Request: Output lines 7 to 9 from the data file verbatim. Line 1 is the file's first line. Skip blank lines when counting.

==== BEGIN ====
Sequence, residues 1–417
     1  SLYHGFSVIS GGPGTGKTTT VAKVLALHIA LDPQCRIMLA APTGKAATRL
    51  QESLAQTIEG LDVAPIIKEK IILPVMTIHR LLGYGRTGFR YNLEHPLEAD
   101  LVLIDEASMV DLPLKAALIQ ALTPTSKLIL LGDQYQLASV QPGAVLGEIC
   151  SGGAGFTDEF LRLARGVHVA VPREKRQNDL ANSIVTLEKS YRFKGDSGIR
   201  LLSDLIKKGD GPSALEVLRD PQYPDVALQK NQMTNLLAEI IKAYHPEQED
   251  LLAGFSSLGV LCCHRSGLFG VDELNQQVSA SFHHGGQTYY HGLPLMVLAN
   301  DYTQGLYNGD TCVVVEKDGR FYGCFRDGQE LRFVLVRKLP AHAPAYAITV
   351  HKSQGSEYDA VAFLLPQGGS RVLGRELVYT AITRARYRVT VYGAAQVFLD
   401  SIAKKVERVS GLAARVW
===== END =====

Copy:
   251  LLAGFSSLGV LCCHRSGLFG VDELNQQVSA SFHHGGQTYY HGLPLMVLAN
   301  DYTQGLYNGD TCVVVEKDGR FYGCFRDGQE LRFVLVRKLP AHAPAYAITV
   351  HKSQGSEYDA VAFLLPQGGS RVLGRELVYT AITRARYRVT VYGAAQVFLD